6. A bean is affected by an AOP means whenever a method declared in the interface is invoked on the bean, the corresponding aspect methods defined in the AOP is also invoked just before or after the invocation.
  7. For your convenience, Pop provides some of the predefined implementations for AOP, such as AOPAdapter and DBTransactionAOP.

MVC

In Pop‘s MVC, a web page is something like a JSP or a servlet and is also named as view. A view is used to decorate a set of data while the data provider is name as model. In Pop's MVC the data provider, or say model, must be a bean.

In Pop's MVC, model is the core of a web page. The only task of a web page (or say view) is to render its model/bean to client side.

Hyperlink in Pop's MVC is not represented by link from one web page to another web page. It is represented by bean/model reference. When you reference the name of a bean in a hyperlink, Pop will locate the bean at first and then find a proper view for it. And finally use the view (JSP or servlet or anything else like them) to render the data provided by the bean to client side.

In Pop's MVC, a view needn't to transfer parameters to or from any other views. Again, the only task of a view is to render the data provided by the model. The model of the view is responsible for that, instead. A model is nothing but a bean, a bean is nothing but a Java object. It's very easy for developers to consider how to transfer parameters in Java language, and moreover, any syntax errors issued when transferring parameters, such as type mismatching, can be checked out in compiling time. In JSP, however, you may have to invoke request.setAttribute() to transfer parameters.

Model and View

Here are sample steps to build a model and a JSP view for a web page:

  1. Insert the pop3.1.0.jar and commons-logging.jar and log4j-1.2.15.jar into the lib directory of your web application.
  2. Create a servlet of type pop.mvc.MVCServlet in your web application. Please map the url-pattern *.model to it, and then set '.model' as welcome file. Here is an example of web.xml:
    <?xml version="1.0" encoding="UTF-8"?>
    <web-app xmlns:xsi="http://www.w3.org/2001/XMLSchema-instance"
    	xmlns="http://java.sun.com/xml/ns/javaee" xmlns:web="http://java.sun.com/xml/ns/javaee/web-app_2_5.xsd"
    	xsi:schemaLocation="http://java.sun.com/xml/ns/javaee http://java.sun.com/xml/ns/javaee/web-app_2_5.xsd"
    	id="WebApp_ID" version="2.5">
    	<welcome-file-list>
    		<welcome-file>.model</welcome-file>
    	</welcome-file-list>
    	<servlet>
    		<servlet-name>MVCServlet</servlet-name>
    		<servlet-class>pop.mvc.MVCServlet</servlet-class>
    		<!-- 
    		<init-param>
    			<param-name>beansRoot</param-name>
    			<param-value>com.app</param-value>
    		</init-param>
    		 -->
    	</servlet>
    	<servlet-mapping>
    		<servlet-name>MVCServlet</servlet-name>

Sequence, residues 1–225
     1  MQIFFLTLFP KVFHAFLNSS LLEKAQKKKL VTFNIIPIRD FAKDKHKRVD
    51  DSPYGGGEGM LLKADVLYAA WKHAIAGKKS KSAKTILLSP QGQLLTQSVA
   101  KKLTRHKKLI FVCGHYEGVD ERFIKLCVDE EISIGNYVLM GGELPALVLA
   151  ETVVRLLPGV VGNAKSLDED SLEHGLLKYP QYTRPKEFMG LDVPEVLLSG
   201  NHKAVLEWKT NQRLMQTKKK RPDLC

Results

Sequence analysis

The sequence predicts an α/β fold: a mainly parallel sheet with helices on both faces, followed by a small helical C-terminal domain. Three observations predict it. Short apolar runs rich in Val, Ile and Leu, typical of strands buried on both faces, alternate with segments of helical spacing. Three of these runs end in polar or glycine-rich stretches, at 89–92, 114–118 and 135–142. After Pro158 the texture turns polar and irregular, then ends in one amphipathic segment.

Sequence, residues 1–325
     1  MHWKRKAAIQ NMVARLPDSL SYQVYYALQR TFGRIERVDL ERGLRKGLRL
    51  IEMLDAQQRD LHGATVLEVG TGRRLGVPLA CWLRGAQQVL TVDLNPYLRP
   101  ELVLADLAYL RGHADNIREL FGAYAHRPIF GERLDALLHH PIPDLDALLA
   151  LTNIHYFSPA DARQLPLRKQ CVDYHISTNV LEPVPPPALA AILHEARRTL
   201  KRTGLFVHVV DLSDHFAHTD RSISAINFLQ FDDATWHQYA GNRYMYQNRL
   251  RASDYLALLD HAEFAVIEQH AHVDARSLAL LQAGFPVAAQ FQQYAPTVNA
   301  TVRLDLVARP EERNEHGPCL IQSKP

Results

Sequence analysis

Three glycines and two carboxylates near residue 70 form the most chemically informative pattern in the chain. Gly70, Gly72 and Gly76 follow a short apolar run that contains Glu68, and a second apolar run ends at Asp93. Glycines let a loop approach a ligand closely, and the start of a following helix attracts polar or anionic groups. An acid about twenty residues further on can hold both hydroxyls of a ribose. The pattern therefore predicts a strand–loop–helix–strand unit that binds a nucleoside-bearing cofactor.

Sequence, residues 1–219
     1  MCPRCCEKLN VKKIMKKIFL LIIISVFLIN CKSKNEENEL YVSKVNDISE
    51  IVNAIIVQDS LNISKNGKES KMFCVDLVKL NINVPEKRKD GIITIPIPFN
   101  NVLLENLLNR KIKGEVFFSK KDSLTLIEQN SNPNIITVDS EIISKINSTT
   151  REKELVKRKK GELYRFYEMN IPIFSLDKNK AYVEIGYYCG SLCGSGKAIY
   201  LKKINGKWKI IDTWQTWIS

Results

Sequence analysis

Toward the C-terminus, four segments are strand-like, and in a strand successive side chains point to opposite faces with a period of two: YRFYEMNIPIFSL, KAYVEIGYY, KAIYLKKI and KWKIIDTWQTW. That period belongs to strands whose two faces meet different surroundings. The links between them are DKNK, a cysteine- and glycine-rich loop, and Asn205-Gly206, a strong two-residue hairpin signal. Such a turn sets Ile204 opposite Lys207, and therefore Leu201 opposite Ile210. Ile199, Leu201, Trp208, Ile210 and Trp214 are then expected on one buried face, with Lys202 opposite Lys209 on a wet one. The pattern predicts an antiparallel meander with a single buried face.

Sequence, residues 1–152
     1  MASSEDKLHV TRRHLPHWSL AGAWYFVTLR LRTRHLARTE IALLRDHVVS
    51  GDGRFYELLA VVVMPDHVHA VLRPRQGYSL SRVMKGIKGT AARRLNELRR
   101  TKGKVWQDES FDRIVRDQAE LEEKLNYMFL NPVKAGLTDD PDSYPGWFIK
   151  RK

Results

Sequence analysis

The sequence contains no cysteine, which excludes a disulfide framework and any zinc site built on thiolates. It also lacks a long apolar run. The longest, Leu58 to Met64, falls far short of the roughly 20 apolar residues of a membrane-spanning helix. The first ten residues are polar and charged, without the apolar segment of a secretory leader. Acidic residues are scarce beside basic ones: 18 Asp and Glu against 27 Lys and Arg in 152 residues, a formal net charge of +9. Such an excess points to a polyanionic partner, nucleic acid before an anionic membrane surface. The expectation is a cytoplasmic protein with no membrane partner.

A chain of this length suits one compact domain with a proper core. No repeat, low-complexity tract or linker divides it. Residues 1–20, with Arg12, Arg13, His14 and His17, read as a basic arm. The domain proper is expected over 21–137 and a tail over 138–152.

<url-pattern>*.model</url-pattern>
    	</servlet-mapping>
    </web-app>
    

    The init-param beansRoot is optional. It is useful if not all the beans defined in this web application need to be loaded. The value of beansRoot should be a serial of package names separated by semi-colon (;), such as cn.com.abc;net.xyz. Only the beans defined in the packages as well as any of their sub-packages can be loaded by this servlet. So in the above example, all beans defined in net.xyz.rst are also loaded. Beans defined in cn.net.abc are ignored. If this param is not found, all beans defined in any user-defined packages are loaded. Normally, you can find the user-defined classes and packages in the directory 'WEB-INF/classes' of the web application.
  3. Create a class abc.def.MyModel1 which represents the model of a web page. And then use both @BeanDef and @ModelDef to annotate it:
    package abc.def;
    @ModelDef
    @BeanDef(value="ModelABC", scope=PrototypleScope.class)
    public class MyModel1() {...}

    Here the @ModelDef means that the bean is considered as the model of a web page. Without this annotation, the bean is only a bean and can be referenced only in Java codes. With the annotation, however, the bean can also be referenced by a url such as <a href="ModelABC.model">.
  4. Create a JSP as the view for the web page. The JSP should be located at abc/def/MyModel1.jsp under the root directory of your web content.
  5. Use <jsp:useBean name="model" type="abc.def.MyModel1"> in MyModel1.jsp to bind the model with the view.
  6. In the JSP file, please use the Java variable model to reference the model object. Please treat the model as data provider, and JSP as data decorator and renderer.
  7. Run the web application and then use a browser to visit http://localhost:8080/myproject/ModelABC.model, you may find that the abc/def/MyModel1.jsp is loaded automatically, and the no-arg constructor of the class MyModel1 is invoked automatically to construct a model. The model object is bound to the JSP through the <jsp:useBean> declaration, as a result, the JSP can show the model object properly.

Please note, the default scope of a bean is SingletonScope. We suggest you to use PrototypeScope or SessionScopewhen annotating a model as in most cases you needn't to use a singleton model useless you want to share something among all users.

If you annotate a model with name MVCServlet.DEFAULT_MODEL, it means that the model is a default model and a hyperlink can reference it without explicit name such as '.model'. For more details about hyperlink in Pop, please refer to the next section.